Soldier, mother of five wins fitness contest
August 26, 2014
Being a mother of five hasn't stopped Sgt. 1st Class Quadedra Corey from pushing her limits.
A contracting noncommissioned officer with the 413th Contracting Support Brigade, Fort Shafter, Hawaii, Corey enrolled in her first-ever National Physique Committee Bodybuilding, Figure, and Bikini Contest and won first place in the masters bikini 35 and over category and first place overall.
"I am not into bodybuilding," said the 12-year veteran who concentrates her efforts on the bikini category. "It took a lot of courage to enter the contest. I had been training for over three months for this then when I came to Hawaii I changed my mind. Then when I was working out in the gym when a guy approached my husband and I and asked me if I did any competitions."
After some discussion and convincing, Corey entered the NPC Ikaika Bodybuiding Competition in Waikiki.
"Everyone was telling me I should compete because I still looked good for having five children," said the 36-year-young Newark, New Jersey, native. "I was nervous walking on the stage but I decided to just have fun with it."
Prior to the competition, Corey's training regimen included cardio vascular training four or five times a week to include running and jumping rope.
"I also did a lot of walking around the crater in the housing area and some time on the treadmill at a 10 percent incline," she said. "I work out every day to try and maintain my body."
Once she decided to compete, she kicked her regimen into a higher gear.
"I just incorporated more lifting weights and changed up my diet, no red meat and no sodas," said the 5-foot 6-inch, 128-pound dynamo. "The diet was not really hard except I love steak."
Corey is not alone in her quest for fitness fame. Her husband, Staff Sgt. Melvin Corey, is her coach and helps her stay on task. The two of them started to get excited at the competition when her name was among the last two to be announced.
"When it was down to the last two to be called, I grabbed the other lady's hand because I was nervous," she said.. "When they called my name my heart was beating out of my chest. Then after I received my first trophy I was walking off stage and they told me to stay and they brought me out another trophy."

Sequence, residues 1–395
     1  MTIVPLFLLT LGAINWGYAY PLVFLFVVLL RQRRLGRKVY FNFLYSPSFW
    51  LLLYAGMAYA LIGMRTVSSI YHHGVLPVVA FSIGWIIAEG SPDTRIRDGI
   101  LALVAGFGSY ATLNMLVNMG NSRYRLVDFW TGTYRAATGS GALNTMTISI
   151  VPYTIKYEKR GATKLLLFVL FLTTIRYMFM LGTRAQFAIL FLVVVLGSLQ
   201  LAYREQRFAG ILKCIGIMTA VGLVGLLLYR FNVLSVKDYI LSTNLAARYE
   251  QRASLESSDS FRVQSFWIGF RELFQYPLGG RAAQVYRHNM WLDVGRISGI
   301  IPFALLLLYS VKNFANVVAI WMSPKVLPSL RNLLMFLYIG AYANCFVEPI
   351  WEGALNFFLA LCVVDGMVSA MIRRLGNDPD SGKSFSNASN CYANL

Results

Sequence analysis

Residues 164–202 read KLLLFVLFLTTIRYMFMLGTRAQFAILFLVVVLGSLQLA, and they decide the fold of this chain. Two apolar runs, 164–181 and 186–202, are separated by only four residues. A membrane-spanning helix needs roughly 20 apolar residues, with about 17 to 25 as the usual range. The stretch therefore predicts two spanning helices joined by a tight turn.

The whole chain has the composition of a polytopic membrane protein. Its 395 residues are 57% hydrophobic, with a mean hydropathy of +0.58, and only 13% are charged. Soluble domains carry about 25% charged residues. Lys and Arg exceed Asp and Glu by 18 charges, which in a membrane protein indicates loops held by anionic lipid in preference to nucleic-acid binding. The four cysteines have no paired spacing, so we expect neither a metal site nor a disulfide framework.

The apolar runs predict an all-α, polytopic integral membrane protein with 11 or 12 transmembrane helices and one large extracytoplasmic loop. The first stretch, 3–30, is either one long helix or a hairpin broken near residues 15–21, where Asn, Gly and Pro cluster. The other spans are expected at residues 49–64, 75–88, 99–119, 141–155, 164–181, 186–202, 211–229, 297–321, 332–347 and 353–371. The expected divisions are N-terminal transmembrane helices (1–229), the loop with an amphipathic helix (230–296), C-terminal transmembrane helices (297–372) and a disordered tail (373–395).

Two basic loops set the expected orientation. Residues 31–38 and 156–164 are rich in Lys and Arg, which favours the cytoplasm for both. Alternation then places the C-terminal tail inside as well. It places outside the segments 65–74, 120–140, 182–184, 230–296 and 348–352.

Corey created a motivational group in March for those who want to lose or gain weight and be comfortable in their own skin. The group has more than 500 members.
"I've seen so many groups and sites only for women or only for men and they would charge people for their assistance. On my site I have videos of my exercises, what I eat, and I posted pictures of before and now," Corey said. "It gives people motivation. Everyone can post their own experiences. It's a closed group so I kind of screen people so they won't be in the group for the wrong reasons."
Corey's influence has gone beyond her online motivational group.
"Being in the competition has motivated people I know in the Army to work out more and strive for a good fitness level," she said. "They told me I inspire them, especially after having children."
Corey said she plans to compete for as long as she can.
"I see myself competing as long as God is willing. Next up is the Paradise Cup in November in Waikiki. If I place in top five, I'll get a pro card," she said. "If I get a pro card, I will be able to compete in any competition like the USA Bikini Championship."
Corey said that had she listened to advice from others, she would have never been on stage and never would have one.
"You can do just about anything you put your mind to," she said. "I had people tell me don't compete because everyone else were national competitors and that I would not win. Well let's just say I didn't follow their advice and look where it got me."